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Time to Turn Off Those TV's!

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 How often do you come home from a hard day, only to plop on the couch and "relax" in front of the TV? If you find it hard to escape the sights and sounds of the tube, or if watching your favorite show turns into more wasted hours than you planned, you're not alone. Americans watch TV for an average of 4 hours every day; even when we're not watching, the television is on--for almost 8 hours a day in the average home. Have you ever realized how much TV has become a part of our lives? Here are some more startling facts, from the non-profit organization, TV-Turnoff Network

40% of Americans always or often watch TV while eating dinner.
  • Eating dinner or snacking in front of the TV is linked to overeating and dissatisfaction. When you're distracted, you're not mindful of the meal you are eating, causing you to eat more without realizing it or really enjoying your food. Turn off the TV (and other distractions like the computer or the phone), and you'll savor that portion-controlled meal.
50% of US households have 3 or more TVs.
  • When you have more TVs, chances are, more of your family members are watching- instead of spending quality time together, doing homework, and being active.
By age 65, the average American has seen 2 million TV commercials.
  • Many of the commercials we see show appetizing foods-fast food, junk food, soda, alcohol, sugary cereals, and candy. Think "out of sight, out of mind."
The average American youth spends about 900 hours per year in school, and over 1,000 hours per year watching TV.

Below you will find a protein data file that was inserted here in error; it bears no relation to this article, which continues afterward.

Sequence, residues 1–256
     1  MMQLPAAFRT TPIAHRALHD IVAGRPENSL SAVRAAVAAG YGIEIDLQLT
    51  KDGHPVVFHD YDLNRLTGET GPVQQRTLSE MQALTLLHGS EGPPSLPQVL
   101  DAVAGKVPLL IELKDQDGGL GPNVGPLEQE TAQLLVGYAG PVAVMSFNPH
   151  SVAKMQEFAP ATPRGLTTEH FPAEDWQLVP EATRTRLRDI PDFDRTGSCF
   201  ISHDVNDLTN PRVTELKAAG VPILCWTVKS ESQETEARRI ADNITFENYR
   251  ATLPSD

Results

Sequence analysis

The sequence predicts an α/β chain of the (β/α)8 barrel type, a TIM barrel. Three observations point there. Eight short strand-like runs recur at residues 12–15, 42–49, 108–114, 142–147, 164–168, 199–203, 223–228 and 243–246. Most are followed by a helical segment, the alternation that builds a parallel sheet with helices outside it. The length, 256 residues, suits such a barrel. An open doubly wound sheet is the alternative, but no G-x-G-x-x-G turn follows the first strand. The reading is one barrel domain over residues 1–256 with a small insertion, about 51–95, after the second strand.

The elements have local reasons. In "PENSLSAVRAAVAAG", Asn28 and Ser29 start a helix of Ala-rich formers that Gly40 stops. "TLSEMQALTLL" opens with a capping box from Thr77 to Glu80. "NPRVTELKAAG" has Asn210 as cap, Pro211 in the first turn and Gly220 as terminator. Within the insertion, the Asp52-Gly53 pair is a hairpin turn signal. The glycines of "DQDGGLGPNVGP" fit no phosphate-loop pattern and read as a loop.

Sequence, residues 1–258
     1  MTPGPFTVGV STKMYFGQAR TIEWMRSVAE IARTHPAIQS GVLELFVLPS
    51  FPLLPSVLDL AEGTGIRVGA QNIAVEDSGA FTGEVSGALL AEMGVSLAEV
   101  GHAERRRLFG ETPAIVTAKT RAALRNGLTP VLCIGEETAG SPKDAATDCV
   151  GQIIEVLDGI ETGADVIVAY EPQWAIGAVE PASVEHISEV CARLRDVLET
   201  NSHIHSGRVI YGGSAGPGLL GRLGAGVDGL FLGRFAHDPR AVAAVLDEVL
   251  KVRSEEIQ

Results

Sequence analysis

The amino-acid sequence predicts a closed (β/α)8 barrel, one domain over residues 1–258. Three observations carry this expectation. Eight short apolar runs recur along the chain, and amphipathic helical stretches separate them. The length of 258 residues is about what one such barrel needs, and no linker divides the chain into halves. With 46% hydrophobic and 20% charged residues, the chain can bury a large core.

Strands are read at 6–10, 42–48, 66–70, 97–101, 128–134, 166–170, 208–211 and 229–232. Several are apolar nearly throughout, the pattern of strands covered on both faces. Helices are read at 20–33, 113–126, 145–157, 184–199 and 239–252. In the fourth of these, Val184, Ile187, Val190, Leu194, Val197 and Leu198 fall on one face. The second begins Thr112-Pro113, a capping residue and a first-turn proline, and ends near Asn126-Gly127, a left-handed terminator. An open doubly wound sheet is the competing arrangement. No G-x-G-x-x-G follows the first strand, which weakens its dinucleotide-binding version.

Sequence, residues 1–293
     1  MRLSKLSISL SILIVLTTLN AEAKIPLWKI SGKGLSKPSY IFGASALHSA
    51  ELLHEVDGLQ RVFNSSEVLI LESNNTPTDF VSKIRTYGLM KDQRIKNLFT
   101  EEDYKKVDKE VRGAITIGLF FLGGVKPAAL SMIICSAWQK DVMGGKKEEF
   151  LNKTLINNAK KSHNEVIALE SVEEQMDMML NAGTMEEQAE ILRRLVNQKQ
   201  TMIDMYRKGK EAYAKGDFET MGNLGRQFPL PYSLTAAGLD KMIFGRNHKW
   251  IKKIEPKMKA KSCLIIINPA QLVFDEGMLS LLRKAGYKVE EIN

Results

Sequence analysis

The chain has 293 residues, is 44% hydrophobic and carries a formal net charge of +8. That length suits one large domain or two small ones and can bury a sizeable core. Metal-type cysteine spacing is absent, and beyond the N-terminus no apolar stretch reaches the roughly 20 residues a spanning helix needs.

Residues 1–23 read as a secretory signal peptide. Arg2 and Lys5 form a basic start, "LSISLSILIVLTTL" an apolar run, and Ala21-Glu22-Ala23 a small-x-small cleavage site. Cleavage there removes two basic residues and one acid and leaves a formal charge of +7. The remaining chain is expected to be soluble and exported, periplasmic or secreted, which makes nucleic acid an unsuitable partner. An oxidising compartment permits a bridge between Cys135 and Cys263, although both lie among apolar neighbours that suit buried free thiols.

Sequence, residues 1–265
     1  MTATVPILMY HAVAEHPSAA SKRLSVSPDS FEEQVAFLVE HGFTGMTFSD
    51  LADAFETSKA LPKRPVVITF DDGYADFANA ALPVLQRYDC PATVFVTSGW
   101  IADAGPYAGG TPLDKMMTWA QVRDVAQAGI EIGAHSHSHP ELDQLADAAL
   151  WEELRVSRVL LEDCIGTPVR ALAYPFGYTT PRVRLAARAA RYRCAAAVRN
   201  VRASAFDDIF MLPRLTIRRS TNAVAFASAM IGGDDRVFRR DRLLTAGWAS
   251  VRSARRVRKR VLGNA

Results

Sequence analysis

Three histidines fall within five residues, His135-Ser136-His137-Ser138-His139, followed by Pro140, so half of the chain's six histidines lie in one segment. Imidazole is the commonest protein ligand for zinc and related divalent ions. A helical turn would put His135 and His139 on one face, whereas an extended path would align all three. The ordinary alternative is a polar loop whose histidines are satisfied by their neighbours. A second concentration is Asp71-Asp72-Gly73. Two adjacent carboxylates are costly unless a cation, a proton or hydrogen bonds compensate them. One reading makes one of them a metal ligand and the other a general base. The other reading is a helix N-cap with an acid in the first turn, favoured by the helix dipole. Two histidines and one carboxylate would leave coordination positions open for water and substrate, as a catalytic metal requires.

• While you can't place all the blame on TV, soaring rates of childhood obesity are a result of both poor nutrition and an inactive lifestyle. Limit the amount of time your kids (and yourself, leading by example) watch TV and encourage more physical activity like walking the dog, helping with yard work, playing sports, or other active hobbies.
  • In a 2008 Canadian study, researchers from the University of Toronto found that kids who watched TV while eating lunch consumed 228 extra calories than those who ate without the television on. Harvey Anderson of the Canadian Institutes for Health Research (the organization that funded the study) believes that watching TV leads to mindless eating. By focusing on TV instead of a meal, kids (and adults) are less likely to notice feelings of fullness.
TV-Turnoff Week
Consider turning off that TV permanently--OK, well maybe for just a week. April 19 through April 25 is the official "TV-Turnoff Week," an exciting opportunity for adults and children to experience life without television. For seven days, people around the world will turn off their TVs and find something better to do. But no matter what  time of year it is now, there are plenty of reasons to cut down on your TV time.

Think it would impossible to turn off your TV for an entire week? Imagine how much more free time you would have if you didn't spend time watching TV! There are lots of fun (and healthy) things you could do with your newfound time. Here are some examples:
  • Get active! Think you don't have time to exercise? Here?s your opportunity!
  • Make it a family event! Take the kids out for a walk, ride bikes, learn a new sport, go canoeing, etc.
  • Read a book or magazine
  • Go to bed earlier and get your recommended 7-8 hours of sleep
  • Start that new hobby you've been wanting to try
  • Cook dinner for your family and enjoy it together at the table
  • Volunteer at your local church or community center
  • Start a vegetable garden or plant flowers
  • Take a class- drawing, woodworking, sewing- whatever interests you